Northern California’s A Brown Soun has been repairing speakers for nearly 30 years.
Founded in 1974 by John Harrison, the company was named after the way Harrison “sees” sounds – as colors. And his favorite sound is a ’59 Gibson Les Paul played through a dimed Marshall stack. That tone, in his eyes/ears, is a “brown sound.” As for the “d” being dropped from “sound,” well, blame it on the ’70s.
Anyway, Harrison built a successful business as one of just a few Bay Area speaker repair guys. And it was good. But after re-coning speakers for more than 25 years, in the Spring of 2001 Harrison saw a niche in the market and started building his own brand of speakers, dubbed Tone Tubby, based on the famed Celestion-built Vox Bulldog.
Then one day, lightning struck.
“It was a real obvious thing,” Harrison said. “I couldn’t believe nobody had tried before! I was thinking about the Constitution and how it had been written on hemp paper, and it has lasted 300 years! I wondered what it’d be like if I used it to make as a speaker.”
Before long, he’d found a manufacturer that could produce a cone made primarily of hemp. The first one was delivered in July of that year, and within an hour after its arrival, Harrison had already put it in a speaker, wired it, and had it in an amp. To his delight, it worked beautifully.
“It was lighter, stronger, and more responsive,” he said. “It just screamed!”
We recently glommed a semi-open-back Tone Tubby 4×12″ speaker cabinet with four of Harrison’s TT12-01 alnico 12″ speakers with (of course) hempcone drivers.
Aesthetically, the Tone Tubby looks much like most extension cabinets, measures a sporty 26″ x 26″ x 12″ with a straight baffle and 7″ x 14″ opening in the back, and is covered in black tolex, with black grillecloth, metal corners, and large, recessed bar handles. Tone Tubby will dress up any of its cabs (2×12, 4×10, 4×12) in red, green, brown, or blond tolex and dress it up with gold, silver, oxblood, or wheat grillecloth. The 2×12 is available in either vertical or horizontal arrangement. And if you’re inclined, they’ll make your cab (regardless of variety) look very Vox-like!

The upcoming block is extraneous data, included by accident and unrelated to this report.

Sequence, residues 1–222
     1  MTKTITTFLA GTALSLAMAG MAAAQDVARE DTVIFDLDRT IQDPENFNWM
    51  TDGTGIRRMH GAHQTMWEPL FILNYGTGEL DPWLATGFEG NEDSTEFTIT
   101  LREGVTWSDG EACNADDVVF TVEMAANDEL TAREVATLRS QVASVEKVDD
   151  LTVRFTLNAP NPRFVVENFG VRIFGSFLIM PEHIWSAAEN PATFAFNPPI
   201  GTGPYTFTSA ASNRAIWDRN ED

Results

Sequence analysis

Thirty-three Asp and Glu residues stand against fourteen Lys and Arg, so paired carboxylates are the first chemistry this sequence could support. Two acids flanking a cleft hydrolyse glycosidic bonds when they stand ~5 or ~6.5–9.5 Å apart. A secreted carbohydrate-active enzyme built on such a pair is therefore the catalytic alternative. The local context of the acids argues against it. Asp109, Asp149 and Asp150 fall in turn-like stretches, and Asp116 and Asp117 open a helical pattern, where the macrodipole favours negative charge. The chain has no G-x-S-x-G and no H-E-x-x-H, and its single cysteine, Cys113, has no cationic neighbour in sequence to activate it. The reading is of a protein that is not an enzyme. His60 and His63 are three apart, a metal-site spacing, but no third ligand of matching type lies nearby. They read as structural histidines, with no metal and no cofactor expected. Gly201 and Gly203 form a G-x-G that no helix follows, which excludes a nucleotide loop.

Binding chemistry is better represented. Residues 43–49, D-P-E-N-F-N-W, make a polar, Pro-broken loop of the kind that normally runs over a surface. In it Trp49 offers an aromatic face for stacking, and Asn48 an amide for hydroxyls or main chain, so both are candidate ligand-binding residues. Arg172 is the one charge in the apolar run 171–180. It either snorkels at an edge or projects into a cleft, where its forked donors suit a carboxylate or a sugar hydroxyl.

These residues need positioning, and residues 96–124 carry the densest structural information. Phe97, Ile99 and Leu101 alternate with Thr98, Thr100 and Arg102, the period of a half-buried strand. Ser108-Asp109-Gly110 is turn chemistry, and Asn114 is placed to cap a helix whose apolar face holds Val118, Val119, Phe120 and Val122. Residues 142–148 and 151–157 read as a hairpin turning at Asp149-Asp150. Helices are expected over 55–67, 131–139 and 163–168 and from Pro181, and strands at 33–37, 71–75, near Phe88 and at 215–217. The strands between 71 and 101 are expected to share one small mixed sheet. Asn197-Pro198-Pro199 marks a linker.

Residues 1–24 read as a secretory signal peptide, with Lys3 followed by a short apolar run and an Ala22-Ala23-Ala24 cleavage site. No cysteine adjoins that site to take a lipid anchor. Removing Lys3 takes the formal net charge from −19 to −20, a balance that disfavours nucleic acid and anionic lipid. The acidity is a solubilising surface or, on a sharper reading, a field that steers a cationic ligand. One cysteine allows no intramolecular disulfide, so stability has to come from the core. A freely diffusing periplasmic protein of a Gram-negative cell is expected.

How’d it Soun?
We checked out the cab using a 100-watt Reeves head, an all-tube Peavey, and a Marshall. Our test guitars were a Fender ’62 reissue Stratocaster and a Gibson Les Paul Classic.
We kicked things off with the Peavey, and at our customary settings we noticed a drop-off in the upper end of the frequency response compared to what we typicallyrun it through. But with a slight bump in the highs, we were able to get more of the tone we knew so well.
Thus was revealed one aspect of the Tone Tubby cab; in general its tone is a little darker than you might be accustomed to, smoothing the peaks and valleys in the frequency response that you find with most closed 4x12s, while maintaing the solid, thumpy low-end that made the configuration famous. And it proffered the midrange airiness that appeals to fans of the open-back cab. In the “gravy” department, despite being pushed hard, these little hemp monsters didn’t go into that beyond-the-limits farting out that tends to plague low-watt alnico speakers.
Overall, our run with the Tone Tubby was very pleasing. Whether we plugged in the Strat or Les Paul and used power courtesy of Peavey, Marshall, or Reeves, it highlighted the inherent tone of our guitars and amps.
John Harrison’s hemp cones may indeed be a daydream come true.
Tone Tubby speaker cabinet
Type of Cab Semi-open-back 4×12″.
Features Fingerjointed construction using hand-selected Ponderosa pine woods and Tone Tubby speakers with hemp or paper cones and alnico magnets.
Price $1,395 (direct).
Contact A Brown Soun Inc., 23 Joseph Court, San Rafael, CA 94903, phone (415) 479-2124, tonetubby.com.
This article originally appeared in VG‘s Nov. ’03 issue. All copyrights are by the author and Vintage Guitar magazine. Unauthorized replication or use is strictly prohibited.